Dutch low-cost carrier Transavia has begun a trial of the AirFi box that will enable passengers to access and buy in-flight entertainment content and order food and beverages from their seats.
Transavia is trialling AirFi’s solution on board its Boeing 737 aircraft based at Rotterdam The Hague Airport in the Netherlands. The carrier, a subsidiary of Air France-KLM, operates an average of 85 flights a week from the Dutch city to destinations across Europe and Morocco.
The work is part of AirFi’s commitment to offer a truly successful “Mall in the Sky” experience for Transavia, by using the trial to research multiple factors, such as the passengers’ willingness to pay and conversion rates, to further optimise the platform for the airline while delivering value-added products and services that travellers want and need.
In addition to passengers being able to order food and beverages to their seats from their own personal mobile devices, a broad selection of new-release films from Hollywood and around the world will be made available for purchase via the AirFi streaming platform.
Job Heimerikx, AirFi’s CEO, commented:
“It’s a great pleasure to be working with our long-standing partner Transavia at their Rotterdam base, which is just a stone’s throw away from our HQ. We are excited to see how passengers interact with our “Mall in the Sky” concept, which we designed to simultaneously enhance the passenger experience and airlines’ ancillary revenues. Transavia has always been at the forefront of these kinds of innovations, so we are looking forward to delivering a highly professional pilot for them.”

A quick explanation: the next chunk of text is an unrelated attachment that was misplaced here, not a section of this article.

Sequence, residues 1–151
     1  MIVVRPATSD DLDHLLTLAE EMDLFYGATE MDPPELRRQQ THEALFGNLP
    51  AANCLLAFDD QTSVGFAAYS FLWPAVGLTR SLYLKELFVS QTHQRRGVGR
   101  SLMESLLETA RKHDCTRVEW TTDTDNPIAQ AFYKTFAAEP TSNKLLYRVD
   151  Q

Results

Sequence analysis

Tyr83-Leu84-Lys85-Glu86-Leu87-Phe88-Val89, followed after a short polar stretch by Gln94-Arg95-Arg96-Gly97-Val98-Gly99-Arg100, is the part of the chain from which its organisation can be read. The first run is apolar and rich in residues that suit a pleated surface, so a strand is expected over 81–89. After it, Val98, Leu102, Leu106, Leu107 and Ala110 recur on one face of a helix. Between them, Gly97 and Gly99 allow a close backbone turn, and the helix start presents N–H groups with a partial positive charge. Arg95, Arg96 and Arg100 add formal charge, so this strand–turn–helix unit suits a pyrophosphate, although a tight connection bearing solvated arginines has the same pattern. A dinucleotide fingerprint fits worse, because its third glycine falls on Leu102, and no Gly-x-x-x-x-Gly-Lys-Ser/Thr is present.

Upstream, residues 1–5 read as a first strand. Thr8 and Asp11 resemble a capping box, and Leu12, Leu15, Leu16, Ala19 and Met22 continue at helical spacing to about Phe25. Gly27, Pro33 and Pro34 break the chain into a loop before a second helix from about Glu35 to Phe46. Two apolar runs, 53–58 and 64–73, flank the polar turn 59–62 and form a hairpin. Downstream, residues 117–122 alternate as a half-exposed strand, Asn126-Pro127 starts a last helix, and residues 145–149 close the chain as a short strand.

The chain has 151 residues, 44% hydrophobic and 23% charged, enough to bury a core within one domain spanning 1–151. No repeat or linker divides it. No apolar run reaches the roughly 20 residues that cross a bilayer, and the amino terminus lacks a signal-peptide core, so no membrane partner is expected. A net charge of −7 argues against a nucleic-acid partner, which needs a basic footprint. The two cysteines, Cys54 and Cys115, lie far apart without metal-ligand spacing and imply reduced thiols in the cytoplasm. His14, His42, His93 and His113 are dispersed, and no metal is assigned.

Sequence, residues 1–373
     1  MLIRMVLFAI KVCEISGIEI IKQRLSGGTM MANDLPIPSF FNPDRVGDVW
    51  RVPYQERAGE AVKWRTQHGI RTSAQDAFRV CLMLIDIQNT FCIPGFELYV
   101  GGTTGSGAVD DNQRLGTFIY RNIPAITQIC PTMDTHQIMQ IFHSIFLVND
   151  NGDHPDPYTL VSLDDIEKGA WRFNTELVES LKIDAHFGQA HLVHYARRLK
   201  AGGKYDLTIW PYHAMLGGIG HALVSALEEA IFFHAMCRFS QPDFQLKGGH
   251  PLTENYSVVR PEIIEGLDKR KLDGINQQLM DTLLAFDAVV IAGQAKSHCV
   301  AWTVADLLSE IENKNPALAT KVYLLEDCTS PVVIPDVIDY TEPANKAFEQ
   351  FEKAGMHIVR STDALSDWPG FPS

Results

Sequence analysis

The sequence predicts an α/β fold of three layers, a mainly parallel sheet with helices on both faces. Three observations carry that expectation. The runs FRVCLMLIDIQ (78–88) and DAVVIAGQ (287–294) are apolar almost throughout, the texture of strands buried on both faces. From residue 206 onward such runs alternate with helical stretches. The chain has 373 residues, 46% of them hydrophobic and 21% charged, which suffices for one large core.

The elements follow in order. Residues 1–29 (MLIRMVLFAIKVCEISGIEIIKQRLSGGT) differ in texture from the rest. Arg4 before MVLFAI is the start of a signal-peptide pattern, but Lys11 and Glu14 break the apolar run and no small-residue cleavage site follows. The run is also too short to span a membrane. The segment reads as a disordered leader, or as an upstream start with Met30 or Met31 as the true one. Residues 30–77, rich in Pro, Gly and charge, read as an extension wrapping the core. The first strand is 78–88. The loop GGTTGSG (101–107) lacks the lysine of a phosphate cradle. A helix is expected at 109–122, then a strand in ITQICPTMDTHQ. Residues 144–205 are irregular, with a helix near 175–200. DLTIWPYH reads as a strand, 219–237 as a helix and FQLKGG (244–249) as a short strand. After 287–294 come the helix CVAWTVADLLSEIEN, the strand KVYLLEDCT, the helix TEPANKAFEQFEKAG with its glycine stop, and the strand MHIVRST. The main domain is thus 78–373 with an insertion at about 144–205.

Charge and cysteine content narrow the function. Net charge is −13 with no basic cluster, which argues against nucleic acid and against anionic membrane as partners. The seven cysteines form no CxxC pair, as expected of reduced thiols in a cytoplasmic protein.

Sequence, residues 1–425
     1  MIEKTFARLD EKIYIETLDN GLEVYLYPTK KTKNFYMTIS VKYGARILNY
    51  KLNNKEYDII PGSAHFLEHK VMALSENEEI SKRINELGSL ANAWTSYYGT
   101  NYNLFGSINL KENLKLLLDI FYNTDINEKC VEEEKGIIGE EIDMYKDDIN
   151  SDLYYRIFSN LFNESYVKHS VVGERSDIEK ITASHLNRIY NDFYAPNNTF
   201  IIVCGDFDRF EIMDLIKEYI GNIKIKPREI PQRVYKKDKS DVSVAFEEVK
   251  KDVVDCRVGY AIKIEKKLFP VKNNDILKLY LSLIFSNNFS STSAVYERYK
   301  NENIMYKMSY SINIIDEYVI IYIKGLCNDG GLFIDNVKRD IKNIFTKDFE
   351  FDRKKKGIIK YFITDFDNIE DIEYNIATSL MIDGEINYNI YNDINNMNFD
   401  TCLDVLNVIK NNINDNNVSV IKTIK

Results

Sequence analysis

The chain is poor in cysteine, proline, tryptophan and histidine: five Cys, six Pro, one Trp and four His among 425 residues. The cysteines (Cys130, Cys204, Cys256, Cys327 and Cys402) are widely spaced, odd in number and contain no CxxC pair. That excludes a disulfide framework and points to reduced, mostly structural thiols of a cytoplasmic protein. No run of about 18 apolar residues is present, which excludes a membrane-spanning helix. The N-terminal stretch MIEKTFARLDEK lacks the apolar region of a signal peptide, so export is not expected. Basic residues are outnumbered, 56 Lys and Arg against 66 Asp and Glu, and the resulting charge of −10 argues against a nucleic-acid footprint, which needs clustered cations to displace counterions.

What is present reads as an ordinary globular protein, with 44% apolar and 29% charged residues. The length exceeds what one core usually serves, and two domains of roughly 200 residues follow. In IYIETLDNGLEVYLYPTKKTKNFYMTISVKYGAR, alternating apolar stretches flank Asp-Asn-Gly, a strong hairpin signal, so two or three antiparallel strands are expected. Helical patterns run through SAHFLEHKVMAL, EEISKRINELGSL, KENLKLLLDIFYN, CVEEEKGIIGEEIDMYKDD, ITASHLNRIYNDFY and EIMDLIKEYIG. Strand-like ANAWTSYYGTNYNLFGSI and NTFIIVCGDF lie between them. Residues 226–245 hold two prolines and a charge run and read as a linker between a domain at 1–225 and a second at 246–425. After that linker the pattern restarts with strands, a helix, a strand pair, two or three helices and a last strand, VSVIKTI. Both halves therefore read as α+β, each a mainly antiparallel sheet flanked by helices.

This could be interesting
We’ve seen AirFi roll out its mall in the sky concept with other airlines – but there is a bit more to unpack – namely, the trial of purchasable IFE.
We know that some systems in the world use this method to provide a paid gateway for passengers to access content. Systems like this will need to be fluid to the user, whilst providing value for that paid IFE product – be it a movie, TV show or the like.
And there could be the challenge – getting someone to open their wallet to watch paid-for entertainment.
As travellers will use tablets or phones, there’s a strong chance they’ve pre-loaded something, so there will be more than a few barriers to overcome.
From a technology viewpoint, there is integrations between AirFi and Transavia, which already uses the airline technology provider’s Connected Crew platform for onboard sales.
I’ll be interested to see the conversion ratio of a browser to purchaser on this platform.
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